Changing times

The free press is the mother of all liberties, and our progress under liberty.
Adlai Stevenson

Mumbai: Stevenson should have known. He knew the power of the press. It is by now well established that he lost the US presidential election (not once, but twice) because of his irrepressible wit which the Fourth Estate failed to savour. And after seeing the political failure of such a man, American politicians seem to have, despite occasional lapses, taken seriously the advice preferred by Senator Thomas Corwin to James Garfield: "Never make people laugh. If you would succeed in life, you must be solemn; solemn as an ass. All great monuments are built on solemn assess."

Whatever flaws the American press might have (remember the latest euphemistic term, 'embedded journalism'), it adhered to at least one principle (not forgetting the recent shameful happenings in The New York Times): never sell editorial space — at least not blatantly. And we, Indians, have managed to do that, too.

Stevenson knew the power of the press, and he later became careful in not antagonising the media. So do most politicians in India. So, how does one ensure s/he will get a good press? Earlier it was a bit difficult; now it is quite simple. The Times of India, a leading English newspaper in the country, has devised a strategy: marketing editorial space in the newspapers the Times group publishes. It's simple. If you are a politician who is finding hard to defend the corruption charges against you, a corporate chieftain who wants to settle scores with your business rivals, or a Bollywood starlet who wants to remain in the limelight, all you have to do is to pay money and feature in the news columns or other editorial space.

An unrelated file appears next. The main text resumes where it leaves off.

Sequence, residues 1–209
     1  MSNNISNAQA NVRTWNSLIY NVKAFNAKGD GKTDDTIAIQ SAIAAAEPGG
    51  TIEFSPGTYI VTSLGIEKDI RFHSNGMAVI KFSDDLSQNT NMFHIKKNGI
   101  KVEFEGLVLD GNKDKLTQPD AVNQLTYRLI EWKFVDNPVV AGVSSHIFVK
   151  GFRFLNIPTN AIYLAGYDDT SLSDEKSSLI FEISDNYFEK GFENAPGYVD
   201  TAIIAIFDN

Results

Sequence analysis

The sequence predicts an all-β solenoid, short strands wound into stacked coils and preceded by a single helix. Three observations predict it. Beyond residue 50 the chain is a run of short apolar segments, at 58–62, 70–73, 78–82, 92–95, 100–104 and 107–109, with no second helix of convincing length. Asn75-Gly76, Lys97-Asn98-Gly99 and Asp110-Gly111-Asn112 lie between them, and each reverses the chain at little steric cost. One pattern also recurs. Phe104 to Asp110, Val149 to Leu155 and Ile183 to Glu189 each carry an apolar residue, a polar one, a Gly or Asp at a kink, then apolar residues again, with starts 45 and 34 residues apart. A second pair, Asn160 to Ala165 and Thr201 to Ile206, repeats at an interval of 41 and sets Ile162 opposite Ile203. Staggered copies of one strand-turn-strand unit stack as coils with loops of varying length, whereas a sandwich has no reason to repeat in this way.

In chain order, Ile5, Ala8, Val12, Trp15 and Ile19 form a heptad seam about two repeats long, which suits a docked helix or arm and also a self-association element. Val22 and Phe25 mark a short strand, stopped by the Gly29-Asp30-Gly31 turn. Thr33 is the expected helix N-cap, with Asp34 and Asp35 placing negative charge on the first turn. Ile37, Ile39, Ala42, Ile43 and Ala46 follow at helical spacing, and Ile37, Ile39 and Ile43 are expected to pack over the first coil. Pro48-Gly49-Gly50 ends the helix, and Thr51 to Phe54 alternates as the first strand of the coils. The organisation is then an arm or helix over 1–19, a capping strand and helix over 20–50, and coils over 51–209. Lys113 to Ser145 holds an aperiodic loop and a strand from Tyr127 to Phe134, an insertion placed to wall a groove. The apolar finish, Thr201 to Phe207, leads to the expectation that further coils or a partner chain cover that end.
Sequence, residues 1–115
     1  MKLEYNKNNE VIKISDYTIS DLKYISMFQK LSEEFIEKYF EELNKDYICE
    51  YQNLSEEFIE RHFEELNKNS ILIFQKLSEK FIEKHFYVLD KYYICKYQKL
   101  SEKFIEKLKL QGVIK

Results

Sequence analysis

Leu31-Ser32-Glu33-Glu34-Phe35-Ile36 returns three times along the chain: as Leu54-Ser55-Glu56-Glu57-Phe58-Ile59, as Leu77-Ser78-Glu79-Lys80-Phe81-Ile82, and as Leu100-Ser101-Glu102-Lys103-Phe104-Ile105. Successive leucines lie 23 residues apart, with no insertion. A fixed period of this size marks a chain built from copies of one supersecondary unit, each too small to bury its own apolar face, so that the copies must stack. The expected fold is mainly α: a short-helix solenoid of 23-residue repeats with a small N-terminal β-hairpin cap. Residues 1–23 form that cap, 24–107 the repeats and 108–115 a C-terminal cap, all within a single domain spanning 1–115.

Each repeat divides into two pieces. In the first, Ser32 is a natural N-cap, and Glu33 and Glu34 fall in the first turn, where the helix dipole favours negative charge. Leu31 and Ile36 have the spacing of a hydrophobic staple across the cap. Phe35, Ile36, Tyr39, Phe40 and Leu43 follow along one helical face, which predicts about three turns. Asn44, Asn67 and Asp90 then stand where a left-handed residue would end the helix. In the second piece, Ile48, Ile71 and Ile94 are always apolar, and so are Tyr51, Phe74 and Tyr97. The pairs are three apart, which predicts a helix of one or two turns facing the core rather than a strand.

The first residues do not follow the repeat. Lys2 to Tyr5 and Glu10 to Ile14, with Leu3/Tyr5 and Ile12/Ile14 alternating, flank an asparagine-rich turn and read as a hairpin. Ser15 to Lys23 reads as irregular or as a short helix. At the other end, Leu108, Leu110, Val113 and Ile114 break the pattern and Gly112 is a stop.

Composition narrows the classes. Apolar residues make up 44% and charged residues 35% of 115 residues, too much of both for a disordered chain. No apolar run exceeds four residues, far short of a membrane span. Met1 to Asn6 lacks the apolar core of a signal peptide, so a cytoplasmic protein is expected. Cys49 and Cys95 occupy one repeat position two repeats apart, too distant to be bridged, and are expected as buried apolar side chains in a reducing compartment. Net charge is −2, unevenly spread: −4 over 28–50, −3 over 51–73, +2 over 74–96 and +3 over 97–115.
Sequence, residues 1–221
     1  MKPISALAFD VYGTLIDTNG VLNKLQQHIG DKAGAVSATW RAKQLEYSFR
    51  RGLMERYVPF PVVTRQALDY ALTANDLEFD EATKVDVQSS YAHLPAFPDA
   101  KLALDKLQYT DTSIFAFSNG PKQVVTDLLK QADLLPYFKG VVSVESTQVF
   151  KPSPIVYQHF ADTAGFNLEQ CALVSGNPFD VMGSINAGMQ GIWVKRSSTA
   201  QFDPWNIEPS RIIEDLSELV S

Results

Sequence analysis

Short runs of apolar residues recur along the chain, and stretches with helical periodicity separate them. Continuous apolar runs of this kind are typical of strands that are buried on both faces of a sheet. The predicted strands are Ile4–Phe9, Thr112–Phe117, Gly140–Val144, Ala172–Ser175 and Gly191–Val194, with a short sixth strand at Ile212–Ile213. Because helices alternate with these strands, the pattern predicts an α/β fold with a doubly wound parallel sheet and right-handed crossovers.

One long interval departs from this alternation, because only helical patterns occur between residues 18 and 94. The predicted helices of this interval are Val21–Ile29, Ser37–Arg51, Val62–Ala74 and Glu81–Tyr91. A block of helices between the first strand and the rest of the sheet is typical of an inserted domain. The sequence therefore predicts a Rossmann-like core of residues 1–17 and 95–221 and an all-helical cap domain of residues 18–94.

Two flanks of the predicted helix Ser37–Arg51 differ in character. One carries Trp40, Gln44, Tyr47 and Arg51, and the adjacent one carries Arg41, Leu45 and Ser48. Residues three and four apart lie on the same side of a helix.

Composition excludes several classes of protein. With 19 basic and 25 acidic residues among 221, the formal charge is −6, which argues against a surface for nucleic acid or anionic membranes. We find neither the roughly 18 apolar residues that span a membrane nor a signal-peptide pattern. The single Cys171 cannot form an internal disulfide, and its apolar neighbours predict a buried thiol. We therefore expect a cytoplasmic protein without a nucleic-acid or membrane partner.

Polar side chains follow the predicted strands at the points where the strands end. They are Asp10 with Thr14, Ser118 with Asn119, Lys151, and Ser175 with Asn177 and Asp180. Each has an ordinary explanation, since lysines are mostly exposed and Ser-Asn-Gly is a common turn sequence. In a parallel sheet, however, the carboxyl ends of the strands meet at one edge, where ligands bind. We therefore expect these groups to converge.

Now, Senator Thomas Corwin is wrong. You don't have to be solemn as an ass to build great monuments; you can, instead, make the common reading public a much bigger ass and rule till kingdom come. All thanks to the new-found concept of selling editorial space, and in the vanguard is the "leader who guards the reader."

It took some time for the truth to come out of the closet. In fact, trivialisation of news came first. And before that came the technological advancement. With the advent of new technology, the press too underwent a sea change. From hand-composing and flatbed printing, the industry moved to the linotype and rotary press. By the late eighties, photo offset laser-printing machines replaced them. And in the sophisticated nineties, one could find anyone between a sub-editor and the printer redundant, as the press room computer would do the work of a proof-reader, layout artist, visualiser, plate-maker, bromide and camera operator... all at one keystroke.